First, GM makes cars in 34 countries, and parts in two dozen more. It has been making cars on that basis for nearly 90 years. Ford, and to a more or less extend across historical periods, Chrysler, are likewise global concerns. They have, or at least had, stockholders in all of the major capitalist countries, and were listed on all of the exchanges.

    A Ford made in Europe from European parts and sold in Europe is a domestic car. In Europe.

    Second, Toyota, Hyundai/Kia, Nissan, Honda, Daimler, BMW, Mazda and many others make cars in the US and Canada. Have been doing so for nearly 30 years. Quite well.

    A Toyota made in the USA from American parts and sold in the USA is a domestic car. In the US of A.

    GM, et al, would have you believe that the death of GM, et al, is the death of American manufacturing. That simply is not true. Others, organized differently, working differently, producing different products, still make cars on this continent. In a real bankruptcy for either GM or Chrysler, the most probable result is that others, organized differently, working differently, will take over those plants and move forward in a more modern system.

    We have a Toyota plant nearby. Great jobs. Great company to work for. The economic heart of our community. Great people.

    Were not "Americans"?
     
  15. Jun 9, 2009 #75 of 101
    Richard King

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    We have one. You should check it out, sounds right up your alley. ;) http://en.wikipedia.org/wiki/Socialist_Labor_Party

    Never took any economics or history courses?
     
  16. Jun 9, 2009 #76 of 101
    djlong

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    ...because all other industrialized countries had their manufacturing base bombed out (WW2)

    Remember, this was also a problem during the Great Depression when the Smoot-Hawley Act became law and provoked worldwide protectionism.

    I challenge you to go to the rural areas in China. Take a look at a program put on the Discovery Channel last year called "The people's Republic of Capitalism" and see just where these Chinese workers are coming from.

    You've seen the effects in Youngstown, you say? I *guarantee* you that the people there are living in the lap of luxury when compared to the people flocking to new Chinese factories.

    Migrant workers in this country have it good compared to them.

    Go ahead and tell them that they have to work backbreaking labor in the summer in rice paddies (if they can find the work) so that some American worker can protect a $20/hour unskilled labor job.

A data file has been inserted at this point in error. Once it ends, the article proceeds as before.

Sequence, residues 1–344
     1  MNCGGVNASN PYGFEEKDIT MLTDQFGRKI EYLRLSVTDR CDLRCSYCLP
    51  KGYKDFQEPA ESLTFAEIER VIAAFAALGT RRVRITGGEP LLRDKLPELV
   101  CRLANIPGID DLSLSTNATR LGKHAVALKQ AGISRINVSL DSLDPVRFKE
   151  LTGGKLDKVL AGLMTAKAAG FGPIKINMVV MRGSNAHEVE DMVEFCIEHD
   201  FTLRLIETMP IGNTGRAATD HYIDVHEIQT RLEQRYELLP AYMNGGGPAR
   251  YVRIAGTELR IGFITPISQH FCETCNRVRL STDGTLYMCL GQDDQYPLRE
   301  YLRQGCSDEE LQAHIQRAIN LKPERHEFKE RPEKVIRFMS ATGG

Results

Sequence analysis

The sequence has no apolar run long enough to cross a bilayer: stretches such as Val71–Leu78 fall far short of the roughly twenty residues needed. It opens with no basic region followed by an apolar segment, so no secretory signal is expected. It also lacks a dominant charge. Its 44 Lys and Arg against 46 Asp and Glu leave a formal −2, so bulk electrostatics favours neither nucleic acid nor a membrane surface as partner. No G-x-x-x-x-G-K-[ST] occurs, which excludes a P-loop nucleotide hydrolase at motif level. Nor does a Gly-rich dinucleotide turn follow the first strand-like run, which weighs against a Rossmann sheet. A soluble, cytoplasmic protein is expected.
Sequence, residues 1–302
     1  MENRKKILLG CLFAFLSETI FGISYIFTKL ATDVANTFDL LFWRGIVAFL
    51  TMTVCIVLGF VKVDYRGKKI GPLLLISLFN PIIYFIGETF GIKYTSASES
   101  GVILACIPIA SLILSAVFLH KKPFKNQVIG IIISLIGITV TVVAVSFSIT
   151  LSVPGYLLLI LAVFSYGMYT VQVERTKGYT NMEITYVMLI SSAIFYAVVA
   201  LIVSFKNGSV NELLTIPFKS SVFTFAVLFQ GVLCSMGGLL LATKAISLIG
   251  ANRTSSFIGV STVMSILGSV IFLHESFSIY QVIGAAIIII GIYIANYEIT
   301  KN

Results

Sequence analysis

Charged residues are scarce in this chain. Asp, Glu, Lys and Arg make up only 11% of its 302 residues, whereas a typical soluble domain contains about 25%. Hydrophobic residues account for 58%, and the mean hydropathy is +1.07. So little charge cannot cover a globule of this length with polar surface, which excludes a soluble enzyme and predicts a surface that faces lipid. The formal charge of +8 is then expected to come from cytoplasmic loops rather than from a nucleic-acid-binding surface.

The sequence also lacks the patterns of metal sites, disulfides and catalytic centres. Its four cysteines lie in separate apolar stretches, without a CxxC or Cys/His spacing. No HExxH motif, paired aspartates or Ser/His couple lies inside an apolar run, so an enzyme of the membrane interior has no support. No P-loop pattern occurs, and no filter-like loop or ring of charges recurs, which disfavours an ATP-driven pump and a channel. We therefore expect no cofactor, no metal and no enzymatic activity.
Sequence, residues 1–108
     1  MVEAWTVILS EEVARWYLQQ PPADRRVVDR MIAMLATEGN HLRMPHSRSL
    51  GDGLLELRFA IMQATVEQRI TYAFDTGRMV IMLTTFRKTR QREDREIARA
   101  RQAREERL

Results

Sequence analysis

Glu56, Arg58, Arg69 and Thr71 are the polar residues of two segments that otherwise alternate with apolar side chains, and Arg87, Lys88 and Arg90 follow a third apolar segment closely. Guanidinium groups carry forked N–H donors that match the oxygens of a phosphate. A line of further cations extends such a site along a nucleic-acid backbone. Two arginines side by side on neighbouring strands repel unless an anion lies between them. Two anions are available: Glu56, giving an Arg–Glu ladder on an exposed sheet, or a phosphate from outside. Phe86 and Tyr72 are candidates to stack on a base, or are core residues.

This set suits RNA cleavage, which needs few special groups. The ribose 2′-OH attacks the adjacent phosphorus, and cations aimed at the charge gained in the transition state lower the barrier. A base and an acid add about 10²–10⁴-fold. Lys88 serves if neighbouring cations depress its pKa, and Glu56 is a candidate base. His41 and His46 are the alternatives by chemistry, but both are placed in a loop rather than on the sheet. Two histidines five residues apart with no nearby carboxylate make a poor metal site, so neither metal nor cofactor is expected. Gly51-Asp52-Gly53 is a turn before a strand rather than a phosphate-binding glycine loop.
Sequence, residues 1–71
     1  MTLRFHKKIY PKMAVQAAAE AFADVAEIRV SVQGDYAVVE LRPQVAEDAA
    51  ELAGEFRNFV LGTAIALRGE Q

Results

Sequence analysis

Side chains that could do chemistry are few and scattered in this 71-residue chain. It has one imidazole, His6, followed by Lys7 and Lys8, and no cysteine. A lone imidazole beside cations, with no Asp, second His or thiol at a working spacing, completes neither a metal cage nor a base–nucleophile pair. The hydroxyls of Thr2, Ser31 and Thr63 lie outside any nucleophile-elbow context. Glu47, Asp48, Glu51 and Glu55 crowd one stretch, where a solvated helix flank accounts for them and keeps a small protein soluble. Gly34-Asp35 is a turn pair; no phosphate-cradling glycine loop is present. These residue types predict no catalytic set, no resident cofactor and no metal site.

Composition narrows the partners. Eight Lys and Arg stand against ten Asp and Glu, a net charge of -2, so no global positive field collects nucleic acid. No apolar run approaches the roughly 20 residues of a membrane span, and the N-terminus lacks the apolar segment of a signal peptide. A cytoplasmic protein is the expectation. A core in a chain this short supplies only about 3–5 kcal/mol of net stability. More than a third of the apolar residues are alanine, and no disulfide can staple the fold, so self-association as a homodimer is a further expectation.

I heard these complaints about the Japanese in the 70s and the Koreans in the 80s. now it's the Chinese.

    We have to offer more if we're going to charge more. I have to keep studying and learning to keep my skills ahead of the curve - and this doesn't always come cheap.
     
  17. Jun 9, 2009 #77 of 101
    dodge boy

    dodge boy R.I.P. Chris Henry

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    Chinese jobs are the concern of the Chinese not us here in America... We should be more concerned with keeping those jobs here for our people instead of putting our people out of work. It's amazing how that simple concept is overlooked because someone wants to put the interests of a multi national corporation over the interest of their American neighbor's......
    Guess I am just more patriotic in that I want my neighbor to be able to get a good paying job.
     
  18. Jun 9, 2009 #78 of 101
    Supramom2000

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    If you want businesses to succeed all around the country, then you need to cut their taxes cut their regulations and keep government out of their way. What you are touting as saving American jobs is simply the nationalization of a huge corporation. Now the government (and a 31 year old law school student) will be in charge of making this corporation successful. They will be in charge of setting wages, regulations, telling them what they can and cannot build and how they can do it.

    Sorry, that is not a democratic replublic. That is socialism.
     
  19. Jun 9, 2009 #79 of 101
    HIPAR

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    Capitalism is like economic Darwinism. When weak enterprises fail, it's working at its best.

    --- CHAS
     
  20. Jun 9, 2009 #80 of 101
    phrelin